Switching from an RSA SSH Key to Ed25519 on Ubuntu 22.04
On Ubuntu 22.04 you'll get an SSH error of no mutual signature algorithm unless you change keys or modify PubkeyAcceptedKeyTypes.
Quick Jump: A Few Options to Solve This | Generating an Ed25519 SSH Key | Demo Video
Let’s say you just updated your dev box to Ubuntu 22.04 and carefully moved over your
~/.ssh directory from your backups and fixed all of the file permissions.
Then you tried to SSH into one of your servers and you got this error:
$ ssh email@example.com firstname.lastname@example.org: Permission denied (publickey)
You’re absolutely sure your key works because if you use another device with Ubuntu 20.04 it works. The file permissions are identical too.
This happened to me recently when I updated my WSL 2 instance to Ubuntu 22.04.
If you run
ssh email@example.com -v you’ll get a lot of great information in the output. Near the bottom you’ll likely see something similar to:
debug1: Next authentication method: publickey debug1: Offering public key: /home/nick/.ssh/id_rsa RSA SHA256:... debug1: send_pubkey_test: no mutual signature algorithm
If you see this chances are you have an older RSA SHA-1 or RSA SHA-256 based SSH key. I know I did because I created mine like 8 years ago.
You can check which RSA key you have by running:
$ ssh-keygen -lf ~/.ssh/id_rsa 2048 SHA256:gOSWbGlO4Z1S2mV2k7BI05QHuTZIZ0OcEaSrVmWI+ZE nick@nick-vb (RSA)
I know my key is super old because that
nick-vb hostname is back when I used Virtual Box as my dev environment way before WSL 1 and WSL 2 existed.
This is the root cause of the problem.
At some point OpenSSH dropped support for this algorithm and the version of OpenSSH on Ubuntu 22.04 doesn’t support RSA keys by default.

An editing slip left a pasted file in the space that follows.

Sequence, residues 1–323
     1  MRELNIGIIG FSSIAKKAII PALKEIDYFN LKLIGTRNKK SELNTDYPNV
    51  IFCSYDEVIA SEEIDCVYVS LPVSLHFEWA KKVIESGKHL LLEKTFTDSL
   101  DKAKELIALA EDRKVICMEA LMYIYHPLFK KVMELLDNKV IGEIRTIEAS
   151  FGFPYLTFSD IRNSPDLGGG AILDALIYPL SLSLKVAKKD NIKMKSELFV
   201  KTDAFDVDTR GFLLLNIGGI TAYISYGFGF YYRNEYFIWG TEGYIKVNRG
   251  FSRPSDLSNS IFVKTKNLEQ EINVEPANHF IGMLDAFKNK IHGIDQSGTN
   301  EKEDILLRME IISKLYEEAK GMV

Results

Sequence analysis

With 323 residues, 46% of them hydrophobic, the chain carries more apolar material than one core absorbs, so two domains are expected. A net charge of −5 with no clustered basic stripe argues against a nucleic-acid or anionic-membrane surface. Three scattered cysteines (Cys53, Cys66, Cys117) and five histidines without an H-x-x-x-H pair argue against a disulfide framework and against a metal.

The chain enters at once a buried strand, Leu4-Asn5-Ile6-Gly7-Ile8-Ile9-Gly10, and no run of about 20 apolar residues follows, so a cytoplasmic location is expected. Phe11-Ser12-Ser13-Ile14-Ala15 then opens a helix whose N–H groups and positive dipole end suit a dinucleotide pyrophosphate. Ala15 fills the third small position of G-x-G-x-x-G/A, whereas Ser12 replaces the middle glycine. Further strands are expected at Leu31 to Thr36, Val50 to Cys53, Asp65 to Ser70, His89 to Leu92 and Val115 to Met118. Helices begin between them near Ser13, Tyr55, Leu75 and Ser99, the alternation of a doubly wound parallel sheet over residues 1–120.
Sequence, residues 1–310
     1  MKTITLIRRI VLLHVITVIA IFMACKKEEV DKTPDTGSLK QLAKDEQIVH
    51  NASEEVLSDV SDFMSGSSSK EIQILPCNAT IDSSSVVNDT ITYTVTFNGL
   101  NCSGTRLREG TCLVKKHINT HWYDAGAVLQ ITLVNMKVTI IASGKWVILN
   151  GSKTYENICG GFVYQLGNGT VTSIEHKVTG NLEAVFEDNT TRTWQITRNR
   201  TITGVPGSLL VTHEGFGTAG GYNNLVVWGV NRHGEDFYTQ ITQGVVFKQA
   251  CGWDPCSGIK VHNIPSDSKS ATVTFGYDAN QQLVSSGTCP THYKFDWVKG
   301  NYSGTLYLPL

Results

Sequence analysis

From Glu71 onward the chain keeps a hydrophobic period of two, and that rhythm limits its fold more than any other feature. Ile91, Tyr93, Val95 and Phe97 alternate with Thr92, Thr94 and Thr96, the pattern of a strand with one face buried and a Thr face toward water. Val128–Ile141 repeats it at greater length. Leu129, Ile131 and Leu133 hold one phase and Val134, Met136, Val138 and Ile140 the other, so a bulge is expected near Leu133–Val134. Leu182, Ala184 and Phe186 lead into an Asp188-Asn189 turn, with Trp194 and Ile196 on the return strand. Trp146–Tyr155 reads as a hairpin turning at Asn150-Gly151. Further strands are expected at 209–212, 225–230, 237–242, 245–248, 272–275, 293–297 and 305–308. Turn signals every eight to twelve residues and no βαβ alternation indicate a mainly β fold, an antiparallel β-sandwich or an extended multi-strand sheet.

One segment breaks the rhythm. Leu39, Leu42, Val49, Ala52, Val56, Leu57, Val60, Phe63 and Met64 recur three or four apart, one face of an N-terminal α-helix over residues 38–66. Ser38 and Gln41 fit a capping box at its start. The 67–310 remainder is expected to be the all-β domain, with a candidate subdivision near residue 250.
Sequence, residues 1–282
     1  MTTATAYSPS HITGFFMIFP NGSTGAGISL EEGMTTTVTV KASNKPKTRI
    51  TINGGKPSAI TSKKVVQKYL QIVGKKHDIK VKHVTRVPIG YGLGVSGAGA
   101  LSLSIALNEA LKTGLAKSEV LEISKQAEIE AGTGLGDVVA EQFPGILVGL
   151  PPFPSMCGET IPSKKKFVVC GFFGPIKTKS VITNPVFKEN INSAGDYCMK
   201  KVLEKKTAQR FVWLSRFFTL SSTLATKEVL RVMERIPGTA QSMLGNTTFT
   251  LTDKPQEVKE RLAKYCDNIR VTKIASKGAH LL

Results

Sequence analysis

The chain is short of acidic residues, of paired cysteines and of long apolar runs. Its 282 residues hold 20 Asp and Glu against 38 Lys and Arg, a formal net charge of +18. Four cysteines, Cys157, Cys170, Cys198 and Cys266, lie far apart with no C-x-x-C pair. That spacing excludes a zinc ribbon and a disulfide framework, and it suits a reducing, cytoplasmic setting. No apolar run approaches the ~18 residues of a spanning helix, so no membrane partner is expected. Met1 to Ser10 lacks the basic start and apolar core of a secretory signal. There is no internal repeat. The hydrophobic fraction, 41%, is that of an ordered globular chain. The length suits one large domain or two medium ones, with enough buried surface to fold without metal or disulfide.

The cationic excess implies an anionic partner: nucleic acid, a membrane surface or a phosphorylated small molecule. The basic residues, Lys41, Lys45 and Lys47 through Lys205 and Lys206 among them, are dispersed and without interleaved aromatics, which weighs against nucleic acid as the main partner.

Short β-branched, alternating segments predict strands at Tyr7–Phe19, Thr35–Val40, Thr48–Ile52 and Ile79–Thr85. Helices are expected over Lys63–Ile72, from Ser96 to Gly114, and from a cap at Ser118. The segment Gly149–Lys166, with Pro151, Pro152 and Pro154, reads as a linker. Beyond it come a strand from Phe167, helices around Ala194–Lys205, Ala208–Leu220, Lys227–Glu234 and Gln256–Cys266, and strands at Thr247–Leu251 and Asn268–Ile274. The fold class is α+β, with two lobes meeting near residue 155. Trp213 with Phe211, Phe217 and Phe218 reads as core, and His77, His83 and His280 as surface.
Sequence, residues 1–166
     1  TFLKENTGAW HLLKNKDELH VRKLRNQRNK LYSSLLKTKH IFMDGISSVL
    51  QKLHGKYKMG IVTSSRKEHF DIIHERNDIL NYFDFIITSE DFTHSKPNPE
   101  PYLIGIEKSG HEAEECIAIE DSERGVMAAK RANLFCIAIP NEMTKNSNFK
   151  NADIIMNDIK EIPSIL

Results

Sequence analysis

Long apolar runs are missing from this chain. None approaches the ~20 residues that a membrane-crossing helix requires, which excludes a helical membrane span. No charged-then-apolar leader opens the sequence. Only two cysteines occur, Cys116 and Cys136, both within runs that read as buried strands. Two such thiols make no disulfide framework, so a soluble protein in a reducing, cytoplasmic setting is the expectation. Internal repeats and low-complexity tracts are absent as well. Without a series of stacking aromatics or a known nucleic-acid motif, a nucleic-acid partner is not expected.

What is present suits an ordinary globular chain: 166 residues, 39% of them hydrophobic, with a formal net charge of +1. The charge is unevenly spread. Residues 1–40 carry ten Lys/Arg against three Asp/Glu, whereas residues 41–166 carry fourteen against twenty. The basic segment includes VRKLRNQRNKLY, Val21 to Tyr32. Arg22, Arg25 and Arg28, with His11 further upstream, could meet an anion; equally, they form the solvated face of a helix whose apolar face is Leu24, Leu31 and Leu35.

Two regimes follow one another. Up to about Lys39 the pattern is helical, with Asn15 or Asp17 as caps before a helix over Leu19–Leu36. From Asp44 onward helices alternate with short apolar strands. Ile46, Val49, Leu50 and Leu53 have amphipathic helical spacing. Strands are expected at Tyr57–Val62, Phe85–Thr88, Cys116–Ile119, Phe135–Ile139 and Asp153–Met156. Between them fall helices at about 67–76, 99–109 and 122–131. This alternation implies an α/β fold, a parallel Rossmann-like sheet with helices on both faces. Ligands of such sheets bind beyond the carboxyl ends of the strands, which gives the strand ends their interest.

A Few Options to Solve This
We have 2 options to address this:
- Configure our OpenSSH client to support RSA
- Create a new Ed25519 or ECDSA based key and slowly migrate everything to it
I’d suggest a combination of both options because the first option is purely client side, you don’t need to change anything on your servers or whatever devices require your specific SSH key. It’s a great temporary solution.
You can do that by modifying your dev box’s SSH config by adding this to the top of the file. This is taken straight from the OpenSSH changelog that introduced the deprecation:
# After adding this you'll be able to connect with your old RSA key. Host * HostkeyAlgorithms +ssh-rsa PubkeyAcceptedAlgorithms +ssh-rsa
The first bullet is appealing because it gives you a way to create a new SSH key and add it to your servers while supporting the old RSA key at the same time. Basically you won’t ever lock yourself out of your server by mistake – in case you do a number of popular hosting providers let you open a VNC connection through a browser without depending on SSH.
Then you can add your new key to your servers’
~/.ssh/authorized_keys while keeping your old RSA key there at the same time. When you’re confident and 100% happy that everything is working with your new key you can go back and remove the RSA key entry in that file.
You can continue to keep your old